Capital gains tax receipts hit £5.5bn in January, leaving the Treasury on course to rake in as much as £8.8bn this tax year, according to analysis of the tax receipts by NFU Mutual, the financial advice firm.
The analysis suggests that the taxman is set to collect around £0.4bn, or 5%, more than in 2016-17, thanks in part to a sharp rise in the number of private landlords selling rental properties.
HMRC usually receives a glut of capital gains tax receipts in January as people fill in their self-assessment tax forms, but with a growing number of buy-to-let landlords reducing the volume of properties they own, Sean McCann, chartered financial planner at NFU Mutual, points out that the Office of Budget Responsibility (OBR) estimates that receipts could hit £9.9bn in the next tax year.
“A large chunk of these receipts will be from people selling houses and flats they’ve been renting out. In doing so, they are hammered by an extra 8% surcharge on standard rates of capital gains tax,” he said.
“The OBR forecasts show receipts increasing sharply to £13.3bn in five years’ time, which suggests that more and more buy to let investors are expected to unload properties as tax changes bite,” McCann added.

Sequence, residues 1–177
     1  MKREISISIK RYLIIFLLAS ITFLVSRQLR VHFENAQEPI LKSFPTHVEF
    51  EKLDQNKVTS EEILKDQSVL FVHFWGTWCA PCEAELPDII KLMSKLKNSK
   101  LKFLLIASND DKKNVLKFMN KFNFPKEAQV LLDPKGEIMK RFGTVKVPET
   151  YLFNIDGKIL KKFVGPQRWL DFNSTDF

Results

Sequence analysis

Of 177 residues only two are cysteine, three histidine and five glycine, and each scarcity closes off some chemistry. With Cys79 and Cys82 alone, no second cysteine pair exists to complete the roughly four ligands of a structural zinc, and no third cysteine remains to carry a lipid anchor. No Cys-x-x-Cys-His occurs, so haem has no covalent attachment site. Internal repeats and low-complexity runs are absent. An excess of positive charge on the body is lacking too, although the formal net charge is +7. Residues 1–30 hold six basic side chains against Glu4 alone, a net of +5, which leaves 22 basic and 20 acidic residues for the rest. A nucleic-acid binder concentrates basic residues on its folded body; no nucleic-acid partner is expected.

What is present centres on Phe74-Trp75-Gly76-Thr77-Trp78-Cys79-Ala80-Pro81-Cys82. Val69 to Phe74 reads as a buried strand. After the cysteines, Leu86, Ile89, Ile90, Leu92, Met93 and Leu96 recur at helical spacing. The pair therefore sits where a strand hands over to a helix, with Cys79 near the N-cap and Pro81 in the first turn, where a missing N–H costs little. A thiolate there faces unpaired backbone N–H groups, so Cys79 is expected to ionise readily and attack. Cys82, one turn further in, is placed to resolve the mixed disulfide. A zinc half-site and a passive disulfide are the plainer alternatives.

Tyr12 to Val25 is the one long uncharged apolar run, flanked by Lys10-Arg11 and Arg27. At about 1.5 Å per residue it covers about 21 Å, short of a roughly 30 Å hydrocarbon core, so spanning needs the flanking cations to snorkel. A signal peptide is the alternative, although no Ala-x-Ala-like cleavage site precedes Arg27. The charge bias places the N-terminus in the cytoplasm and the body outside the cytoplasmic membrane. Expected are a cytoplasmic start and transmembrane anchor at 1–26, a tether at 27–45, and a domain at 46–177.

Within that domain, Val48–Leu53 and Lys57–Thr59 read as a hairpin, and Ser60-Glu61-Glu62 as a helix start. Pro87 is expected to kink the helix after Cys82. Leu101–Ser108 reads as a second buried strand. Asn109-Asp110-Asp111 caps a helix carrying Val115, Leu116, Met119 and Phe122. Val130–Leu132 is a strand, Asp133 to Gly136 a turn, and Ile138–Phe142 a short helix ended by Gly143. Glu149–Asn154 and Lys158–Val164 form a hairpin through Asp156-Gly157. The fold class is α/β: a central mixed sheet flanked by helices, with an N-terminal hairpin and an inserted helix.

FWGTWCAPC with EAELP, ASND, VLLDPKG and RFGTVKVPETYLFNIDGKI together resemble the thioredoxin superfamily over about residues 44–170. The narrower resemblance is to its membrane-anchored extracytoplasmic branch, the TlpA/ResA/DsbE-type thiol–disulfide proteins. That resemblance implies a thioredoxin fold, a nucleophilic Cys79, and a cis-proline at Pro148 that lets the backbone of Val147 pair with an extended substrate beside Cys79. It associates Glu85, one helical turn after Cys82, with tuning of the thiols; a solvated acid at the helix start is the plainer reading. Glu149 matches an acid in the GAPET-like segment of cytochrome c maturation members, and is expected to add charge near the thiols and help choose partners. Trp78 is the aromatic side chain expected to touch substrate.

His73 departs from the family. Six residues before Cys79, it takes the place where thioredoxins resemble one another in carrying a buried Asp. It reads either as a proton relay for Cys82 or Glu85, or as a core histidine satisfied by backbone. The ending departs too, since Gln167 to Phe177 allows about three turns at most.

As most buy-to-let investors will know, anyone selling a property that is not their main residence will pay 18% or 28%, depending on the size of the gain and their other income.
McCann added: ‘’The slashing of tax relief on mortgage interest payments means that for a growing number of landlords, the figures no longer add up. Many have enjoyed rising property prices over many years and will seek to cash in, providing a tax bonanza for the Government.
“Many of our customers work in partnership with their spouse or civil partner to reduce their combined tax bills, taking advantage of each individual’s CGT allowance of £11,300, by transferring shares and property between them. However we’ve been warning our customers to watch out for potential tax traps. In some circumstances, transferring property between spouses could trigger a stamp duty charge.”
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